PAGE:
Discussion:
Would this position be borderline in a pool hall?
(too old to reply)
Paul Epstein
2020-06-21 11:50:53 UTC
Permalink
Tim and I both have only two checkers left.
Tim has one checker on his five point and one on his two point.

I have one checker on my three point and one on my ace point.

Tim is on roll, and, rather obviously, he owns the cube.

Most people here would know this is D/T.
However, this is a definitional question about the concept of "borderline".
Is this double "borderline"?

For a further question, why did I include "a pool hall" in my subject
heading?

Paul
BlueDice
2020-06-21 20:01:36 UTC
Permalink
Post by Paul Epstein
Tim and I both have only two checkers left.
Tim has one checker on his five point and one on his two point.
I have one checker on my three point and one on my ace point.
Tim is on roll, and, rather obviously, he owns the cube.
Most people here would know this is D/T.
However, this is a definitional question about the concept of "borderline".
Is this double "borderline"?
For a further question, why did I include "a pool hall" in my subject
heading?
Paul
Pool halls are notoriously infested with hustlers and gamblers.
This could be a no redouble in a pool hall since you don't really want to broadcast how good a bg player you are to onlookers who may check their phone and see that the redouble is correct by a smidgen. The notional cost of not redoubling is 30 cents in 100$.
--
BD
Don't tap the glass as the poker hustlers might say.
Paul Epstein
2020-06-21 22:57:50 UTC
Permalink
Post by BlueDice
Post by Paul Epstein
Tim and I both have only two checkers left.
Tim has one checker on his five point and one on his two point.
I have one checker on my three point and one on my ace point.
Tim is on roll, and, rather obviously, he owns the cube.
Most people here would know this is D/T.
However, this is a definitional question about the concept of "borderline".
Is this double "borderline"?
For a further question, why did I include "a pool hall" in my subject
heading?
Paul
Pool halls are notoriously infested with hustlers and gamblers.
This could be a no redouble in a pool hall since you don't really want to broadcast how good a bg player you are to onlookers who may check their phone and see that the redouble is correct by a smidgen. The notional cost of not redoubling is 30 cents in 100$.
--
BD
Don't tap the glass as the poker hustlers might say.
Stick's name on his passport is probably not "Stick". I think it's Jacob.
If I recall correctly, the moniker is because he used to work in a pool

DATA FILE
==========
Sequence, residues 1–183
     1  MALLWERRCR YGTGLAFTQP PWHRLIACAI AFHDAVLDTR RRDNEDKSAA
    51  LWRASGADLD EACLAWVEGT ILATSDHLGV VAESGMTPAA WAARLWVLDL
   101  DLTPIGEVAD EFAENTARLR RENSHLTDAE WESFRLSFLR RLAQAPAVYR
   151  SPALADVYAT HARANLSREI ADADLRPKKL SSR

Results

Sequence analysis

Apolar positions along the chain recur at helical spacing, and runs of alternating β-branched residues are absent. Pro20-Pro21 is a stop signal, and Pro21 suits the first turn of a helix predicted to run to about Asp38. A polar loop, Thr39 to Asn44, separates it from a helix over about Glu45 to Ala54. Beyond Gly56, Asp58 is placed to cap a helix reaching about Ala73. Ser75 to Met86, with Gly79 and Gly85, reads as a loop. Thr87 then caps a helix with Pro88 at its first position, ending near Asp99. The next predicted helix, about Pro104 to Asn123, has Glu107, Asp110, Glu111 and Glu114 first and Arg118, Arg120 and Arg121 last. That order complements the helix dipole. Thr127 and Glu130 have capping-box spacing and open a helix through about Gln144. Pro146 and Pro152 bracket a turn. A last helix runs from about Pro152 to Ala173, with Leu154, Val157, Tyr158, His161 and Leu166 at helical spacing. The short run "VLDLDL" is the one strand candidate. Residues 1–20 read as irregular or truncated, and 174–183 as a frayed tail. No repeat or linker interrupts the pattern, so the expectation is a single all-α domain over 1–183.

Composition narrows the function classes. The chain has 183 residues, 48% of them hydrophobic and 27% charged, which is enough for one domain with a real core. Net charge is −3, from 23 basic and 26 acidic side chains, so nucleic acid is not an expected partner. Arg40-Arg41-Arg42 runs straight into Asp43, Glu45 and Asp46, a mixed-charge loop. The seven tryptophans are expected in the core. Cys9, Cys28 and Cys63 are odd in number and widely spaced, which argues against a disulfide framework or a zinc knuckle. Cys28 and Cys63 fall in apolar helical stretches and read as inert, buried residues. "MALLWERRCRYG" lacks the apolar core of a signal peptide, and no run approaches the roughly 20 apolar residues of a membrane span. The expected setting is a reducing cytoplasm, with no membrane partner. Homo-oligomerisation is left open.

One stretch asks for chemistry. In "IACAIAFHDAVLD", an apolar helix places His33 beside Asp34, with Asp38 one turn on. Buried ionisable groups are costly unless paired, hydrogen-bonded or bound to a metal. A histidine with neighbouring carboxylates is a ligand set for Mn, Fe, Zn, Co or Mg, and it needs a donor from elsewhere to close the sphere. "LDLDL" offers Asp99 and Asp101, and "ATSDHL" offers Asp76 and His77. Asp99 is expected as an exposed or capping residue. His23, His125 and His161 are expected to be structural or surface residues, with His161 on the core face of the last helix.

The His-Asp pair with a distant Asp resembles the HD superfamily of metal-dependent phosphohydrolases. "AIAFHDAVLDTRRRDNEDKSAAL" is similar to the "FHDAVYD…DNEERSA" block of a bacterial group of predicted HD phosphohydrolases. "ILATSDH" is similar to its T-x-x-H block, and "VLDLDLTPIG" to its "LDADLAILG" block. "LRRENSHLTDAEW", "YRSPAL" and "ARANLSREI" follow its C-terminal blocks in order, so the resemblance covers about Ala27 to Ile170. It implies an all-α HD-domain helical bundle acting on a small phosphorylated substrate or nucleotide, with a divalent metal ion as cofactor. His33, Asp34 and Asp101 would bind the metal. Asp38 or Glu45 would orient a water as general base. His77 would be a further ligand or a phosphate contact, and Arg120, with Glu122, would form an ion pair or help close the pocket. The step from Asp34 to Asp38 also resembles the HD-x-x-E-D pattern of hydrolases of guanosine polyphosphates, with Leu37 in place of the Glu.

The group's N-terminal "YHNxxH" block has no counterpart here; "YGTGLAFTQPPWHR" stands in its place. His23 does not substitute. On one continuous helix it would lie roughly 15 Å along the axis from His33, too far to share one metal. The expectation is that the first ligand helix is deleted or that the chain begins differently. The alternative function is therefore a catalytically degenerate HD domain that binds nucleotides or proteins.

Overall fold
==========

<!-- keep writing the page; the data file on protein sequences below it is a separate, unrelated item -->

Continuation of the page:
hall. So I meant "Is this borderline from Stick's point of view?" He
has very demanding standards.

Paul
b***@gmail.com
2020-06-25 00:33:42 UTC
Permalink
Post by Paul Epstein
Post by BlueDice
Post by Paul Epstein
Tim and I both have only two checkers left.
Tim has one checker on his five point and one on his two point.
I have one checker on my three point and one on my ace point.
Tim is on roll, and, rather obviously, he owns the cube.
Most people here would know this is D/T.
However, this is a definitional question about the concept of "borderline".
Is this double "borderline"?
For a further question, why did I include "a pool hall" in my subject
heading?
Paul
Pool halls are notoriously infested with hustlers and gamblers.
This could be a no redouble in a pool hall since you don't really want to broadcast how good a bg player you are to onlookers who may check their phone and see that the redouble is correct by a smidgen. The notional cost of not redoubling is 30 cents in 100$.
--
BD
Don't tap the glass as the poker hustlers might say.
Stick's name on his passport is probably not "Stick". I think it's Jacob.
If I recall correctly, the moniker is because he used to work in a pool
hall. So I meant "Is this borderline from Stick's point of view?" He
has very demanding standards.
Paul
Jacob it is. Borderline it is. Reference positions need to be borderline and the more broad you allow the borderline numbers to stray, the less precise the reference positions you have access to are. Where do you draw the line? So far I haven't heard anyone speak up other than to say .026 is acceptable to them as borderline. When is it too much?

Stick
Tim Chow
2020-06-25 14:45:11 UTC
Permalink
Post by b***@gmail.com
So far I haven't heard anyone speak up other than to say .026 is acceptable
to them as borderline. When is it too much?
Audio quality is poor over USENET, so it's understandable that you didn't
Post by b***@gmail.com
I think a sensible definition would be "Low enough so that any human,
no matter how good, should not be concerned if their decision went the
other way."
This definition means that my definition of "borderline" varies with
the difficulty of the position. But hey, that's a bug, not a feature.
I don't think there's much point in trying to define "borderline" precisely,
but my intuition is closer to Paul's than to yours. In a lot of positions,
I don't expect to ever be able to evaluate the equity to an accuracy of
0.03, and it's not even clear to me that the computer can either. So for
practical purposes this counts as borderline. On the other hand, racing cubes
can often be calculated to higher accuracy than that, so a mistake of this
size is a signal that I should study the position more, and have a good chance
of permanently improving my game if I do so.

---
Tim Chow

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